There are some misconceptions out there concerning contemplative life. Yes, it is a life centered on prayer - Mass, Liturgy of the Hours and personal prayer. But a considerable part of the day is also devoted to work - every kind of job you can think of that is required to keep any home clean, organized, repaired and financially solvent. Another misconception is that a contemplative monastery is the ideal place for a person who is having some sort of difficulty in dealing with the challenges of life outside; that the silence and solitude of monastic life is just what is necessary to keep them on an even keel. However, our life with God is lived in a community of people, people with whom we must interact on a daily basis in prayer, work, play and at the dining room table.

This is the life for the women who finds that she can do nothing else; that nothing else in her life makes sense; nothing else is possible, without her being anchored to her Beloved in silence and solitude lived within a likeminded and challenging community. Even if she finds the demands of charity, the subtle formation that takes place in community life at times vexing or painful, she perseveres. Then from somewhere (is it grace, perhaps) comes the willingness, the flexiblity, the painful stretching, the clinging to interior desire that makes it possible to take on  the commitment. From somewhere comes the assurance that the life in which everything is ordered to the will of God as expressed in the vows, the superior, and the community is worth everything. And truth be said, everything is just what it may require.

Please consider using the Prayer for Vocations at the top of the side bar
on a regular basis. It would be wonderful if you would mention our community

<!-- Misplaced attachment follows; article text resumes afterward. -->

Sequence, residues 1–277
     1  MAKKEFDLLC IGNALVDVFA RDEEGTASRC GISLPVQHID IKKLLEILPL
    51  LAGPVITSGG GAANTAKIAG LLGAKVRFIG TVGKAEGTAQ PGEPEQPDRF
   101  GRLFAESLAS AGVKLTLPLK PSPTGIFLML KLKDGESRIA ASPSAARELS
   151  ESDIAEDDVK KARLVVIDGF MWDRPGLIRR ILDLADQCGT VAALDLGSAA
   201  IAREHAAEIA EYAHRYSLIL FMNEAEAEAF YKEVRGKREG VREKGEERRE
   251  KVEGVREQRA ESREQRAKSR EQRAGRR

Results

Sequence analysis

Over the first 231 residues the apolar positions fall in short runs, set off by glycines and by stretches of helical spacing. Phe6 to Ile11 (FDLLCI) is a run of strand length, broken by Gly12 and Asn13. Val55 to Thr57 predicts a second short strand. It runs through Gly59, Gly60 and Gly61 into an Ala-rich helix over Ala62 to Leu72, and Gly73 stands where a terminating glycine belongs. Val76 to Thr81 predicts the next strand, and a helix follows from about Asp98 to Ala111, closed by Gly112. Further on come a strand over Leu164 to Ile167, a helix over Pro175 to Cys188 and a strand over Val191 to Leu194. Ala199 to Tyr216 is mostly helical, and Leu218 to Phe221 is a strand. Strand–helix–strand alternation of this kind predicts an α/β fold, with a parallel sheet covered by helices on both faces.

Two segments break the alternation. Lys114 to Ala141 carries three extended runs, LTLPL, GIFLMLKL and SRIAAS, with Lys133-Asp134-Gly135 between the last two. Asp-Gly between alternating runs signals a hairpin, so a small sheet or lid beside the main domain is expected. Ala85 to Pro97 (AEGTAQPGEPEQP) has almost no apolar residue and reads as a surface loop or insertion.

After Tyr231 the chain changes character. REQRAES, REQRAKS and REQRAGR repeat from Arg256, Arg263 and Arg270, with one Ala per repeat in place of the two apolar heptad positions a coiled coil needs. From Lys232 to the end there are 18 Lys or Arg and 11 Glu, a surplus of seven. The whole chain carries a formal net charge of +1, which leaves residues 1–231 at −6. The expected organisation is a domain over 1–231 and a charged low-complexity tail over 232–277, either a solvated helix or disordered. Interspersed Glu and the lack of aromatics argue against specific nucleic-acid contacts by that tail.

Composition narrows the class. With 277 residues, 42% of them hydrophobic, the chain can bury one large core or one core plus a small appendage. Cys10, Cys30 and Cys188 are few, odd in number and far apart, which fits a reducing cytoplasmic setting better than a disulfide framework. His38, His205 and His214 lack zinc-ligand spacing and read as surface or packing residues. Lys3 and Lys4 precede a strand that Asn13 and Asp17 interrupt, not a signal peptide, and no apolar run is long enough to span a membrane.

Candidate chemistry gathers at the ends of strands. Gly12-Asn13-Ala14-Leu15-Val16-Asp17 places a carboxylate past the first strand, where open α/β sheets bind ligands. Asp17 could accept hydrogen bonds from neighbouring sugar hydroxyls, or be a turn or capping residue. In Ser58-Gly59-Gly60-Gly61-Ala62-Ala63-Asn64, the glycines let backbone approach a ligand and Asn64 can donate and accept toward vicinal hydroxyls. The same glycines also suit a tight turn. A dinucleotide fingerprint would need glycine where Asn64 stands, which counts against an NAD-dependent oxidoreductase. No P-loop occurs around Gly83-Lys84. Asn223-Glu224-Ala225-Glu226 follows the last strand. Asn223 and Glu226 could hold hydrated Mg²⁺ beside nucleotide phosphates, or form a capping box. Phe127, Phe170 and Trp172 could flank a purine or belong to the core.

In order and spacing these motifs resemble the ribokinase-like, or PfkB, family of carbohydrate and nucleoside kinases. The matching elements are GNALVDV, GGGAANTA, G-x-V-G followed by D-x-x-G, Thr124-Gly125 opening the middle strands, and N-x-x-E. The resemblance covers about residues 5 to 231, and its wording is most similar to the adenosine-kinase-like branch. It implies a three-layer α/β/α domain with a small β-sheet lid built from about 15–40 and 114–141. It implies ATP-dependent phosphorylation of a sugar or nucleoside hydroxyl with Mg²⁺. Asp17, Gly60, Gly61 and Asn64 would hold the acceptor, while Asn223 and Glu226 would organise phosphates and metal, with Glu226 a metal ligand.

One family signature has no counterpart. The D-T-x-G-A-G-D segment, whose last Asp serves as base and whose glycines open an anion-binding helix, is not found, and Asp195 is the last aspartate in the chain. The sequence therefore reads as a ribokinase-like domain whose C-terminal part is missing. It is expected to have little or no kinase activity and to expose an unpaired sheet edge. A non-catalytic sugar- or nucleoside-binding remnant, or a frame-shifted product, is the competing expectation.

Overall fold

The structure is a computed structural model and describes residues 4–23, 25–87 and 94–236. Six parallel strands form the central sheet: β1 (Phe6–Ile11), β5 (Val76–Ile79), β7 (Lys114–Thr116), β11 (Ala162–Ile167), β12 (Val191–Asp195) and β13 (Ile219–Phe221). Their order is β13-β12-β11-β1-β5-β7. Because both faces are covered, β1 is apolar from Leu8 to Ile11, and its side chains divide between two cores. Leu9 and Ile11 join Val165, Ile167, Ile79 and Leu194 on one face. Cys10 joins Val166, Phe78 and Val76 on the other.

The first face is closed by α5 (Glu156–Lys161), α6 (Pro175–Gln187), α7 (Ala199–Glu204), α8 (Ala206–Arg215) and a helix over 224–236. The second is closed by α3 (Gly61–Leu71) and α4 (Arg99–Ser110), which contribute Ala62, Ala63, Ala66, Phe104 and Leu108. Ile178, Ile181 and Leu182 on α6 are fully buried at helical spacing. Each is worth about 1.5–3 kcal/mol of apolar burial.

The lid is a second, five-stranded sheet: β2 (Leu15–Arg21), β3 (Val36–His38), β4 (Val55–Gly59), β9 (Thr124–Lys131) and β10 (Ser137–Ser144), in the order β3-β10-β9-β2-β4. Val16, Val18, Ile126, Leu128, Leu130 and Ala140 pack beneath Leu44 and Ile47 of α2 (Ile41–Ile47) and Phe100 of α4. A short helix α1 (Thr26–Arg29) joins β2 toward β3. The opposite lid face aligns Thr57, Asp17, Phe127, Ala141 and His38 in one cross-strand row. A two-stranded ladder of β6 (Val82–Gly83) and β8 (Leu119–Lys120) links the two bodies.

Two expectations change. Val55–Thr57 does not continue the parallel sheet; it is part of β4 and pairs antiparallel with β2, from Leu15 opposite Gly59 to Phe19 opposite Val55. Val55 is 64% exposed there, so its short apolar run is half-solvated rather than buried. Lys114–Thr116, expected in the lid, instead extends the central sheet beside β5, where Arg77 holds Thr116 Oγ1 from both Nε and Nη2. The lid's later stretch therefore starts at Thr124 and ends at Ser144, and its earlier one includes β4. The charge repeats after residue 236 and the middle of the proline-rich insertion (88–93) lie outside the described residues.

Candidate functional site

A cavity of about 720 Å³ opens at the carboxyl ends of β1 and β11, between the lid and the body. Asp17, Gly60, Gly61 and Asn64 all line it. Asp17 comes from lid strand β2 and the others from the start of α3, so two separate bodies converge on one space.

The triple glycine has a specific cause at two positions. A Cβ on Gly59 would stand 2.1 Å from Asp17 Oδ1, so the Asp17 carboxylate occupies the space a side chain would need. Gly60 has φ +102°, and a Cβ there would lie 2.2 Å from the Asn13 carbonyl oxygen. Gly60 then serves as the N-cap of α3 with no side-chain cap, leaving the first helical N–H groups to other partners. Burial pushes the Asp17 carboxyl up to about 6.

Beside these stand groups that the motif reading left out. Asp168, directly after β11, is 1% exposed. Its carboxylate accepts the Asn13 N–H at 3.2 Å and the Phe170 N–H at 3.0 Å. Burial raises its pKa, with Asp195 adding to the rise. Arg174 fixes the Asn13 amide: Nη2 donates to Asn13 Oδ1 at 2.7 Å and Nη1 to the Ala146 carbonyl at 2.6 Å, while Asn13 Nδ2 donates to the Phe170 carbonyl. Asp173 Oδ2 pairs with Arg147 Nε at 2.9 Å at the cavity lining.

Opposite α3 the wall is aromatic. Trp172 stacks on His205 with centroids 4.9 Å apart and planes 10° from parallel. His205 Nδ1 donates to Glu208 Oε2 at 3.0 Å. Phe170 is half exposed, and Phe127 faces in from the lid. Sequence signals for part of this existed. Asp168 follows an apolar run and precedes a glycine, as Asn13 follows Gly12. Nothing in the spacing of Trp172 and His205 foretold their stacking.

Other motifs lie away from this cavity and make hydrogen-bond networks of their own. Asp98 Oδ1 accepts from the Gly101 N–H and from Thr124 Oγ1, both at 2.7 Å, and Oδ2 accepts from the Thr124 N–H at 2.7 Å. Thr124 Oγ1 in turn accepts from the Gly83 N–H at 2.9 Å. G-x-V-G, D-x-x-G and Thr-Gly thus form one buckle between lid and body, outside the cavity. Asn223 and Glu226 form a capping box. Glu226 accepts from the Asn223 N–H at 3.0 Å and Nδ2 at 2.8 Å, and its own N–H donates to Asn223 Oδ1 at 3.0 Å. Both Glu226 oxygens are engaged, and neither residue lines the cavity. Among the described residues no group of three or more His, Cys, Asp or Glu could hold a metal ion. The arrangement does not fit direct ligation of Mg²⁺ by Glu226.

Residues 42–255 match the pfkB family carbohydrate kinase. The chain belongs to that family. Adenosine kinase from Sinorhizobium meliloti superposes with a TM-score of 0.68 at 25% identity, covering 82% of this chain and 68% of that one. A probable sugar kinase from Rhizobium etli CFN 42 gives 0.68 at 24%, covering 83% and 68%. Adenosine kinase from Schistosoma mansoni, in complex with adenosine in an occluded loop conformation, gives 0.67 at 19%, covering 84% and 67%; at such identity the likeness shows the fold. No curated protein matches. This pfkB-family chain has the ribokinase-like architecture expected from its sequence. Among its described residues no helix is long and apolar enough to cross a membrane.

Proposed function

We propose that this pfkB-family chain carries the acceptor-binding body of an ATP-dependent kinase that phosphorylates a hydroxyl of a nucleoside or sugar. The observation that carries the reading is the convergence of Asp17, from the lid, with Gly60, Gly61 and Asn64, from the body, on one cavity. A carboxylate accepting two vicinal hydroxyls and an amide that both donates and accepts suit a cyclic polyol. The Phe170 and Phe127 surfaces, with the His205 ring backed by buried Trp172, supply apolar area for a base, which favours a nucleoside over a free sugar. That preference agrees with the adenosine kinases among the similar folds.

of Redemptoristines particularly in your prayer.
And one more thing, please tell others about the richness of
contemplative life and refer them to this blog and our website:

Wednesday, November 18, 2009

More Art

When I Grow Up.....
by Matthew Pleva

At the end of this piece there's a link to a slide show of the most recent work of my son Matthew Pleva - my son the artist. Just click on the screen arrow. There's some music too, if you have your speakers on. I've shown some of Matt's work on this blog in the past. Just click on the word "art" in the side bar topics list to see more. He is a most inventive and talented guy. He gathered ideas for his current works buy asking friends to complete this sentence: When you were about 8 or 9 years old, how did you answer the question, "What do you want to be when you grow up?" The current show features pencils drawings (about 14"x7") that depict the answers.

To the right is the large theme piece (approx. 30"x15")which shows Matt at his drawing table doing what he wanted to be when he grew up - an artist. He would draw the space shuttle with all the plates outlined and all the riviets holding each one in place. Precise then, precise now.

The exhibit and the slides here also show a few of his dioramas - watch for the ones in tiny matchboxes and pocket watches! Pocket watch dioramas depict a train station and a ballerina. Match boxes depict King Arthur with the sword in the stone and Independence Hall, Philadelphia, PA.

There are also drawings of the historic buildings still in use at the intersection of John and Green Streets in uptown Kingston, NY.

All of these pieces are currently hanging at Keegan Ales, St. James St., Kingston, NY. Show will be up until November 30, 2009. Enjoy.
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Thursday, November 05, 2009

Saying Goodbye to Another Great Redemptorist

Beloved Redemptorist
Father Joseph Tracy Hurley
is Buried at Mt. St. Alphonsus

This year sixteen Redemptorist priests of the Baltimore Province (most of northeastern US, Puerto Rico and the Caribbean islands) have died. Many of them had their funerals here at the Mount just next door to our monastery. Most, if not all, are well-known to our community. For the first 25 years of this foundation the Mount was a major seminary. The sisters had ample opportunity to get to know the priests who served on the staff and were its professors. They also encouraged and supported the seminarians as they made their way to ordination. So when the Redemptorists bury one of their confreres, we too mourn the loss of a friend. That was particularly the case today. What follows is excerpted from his obituary notice.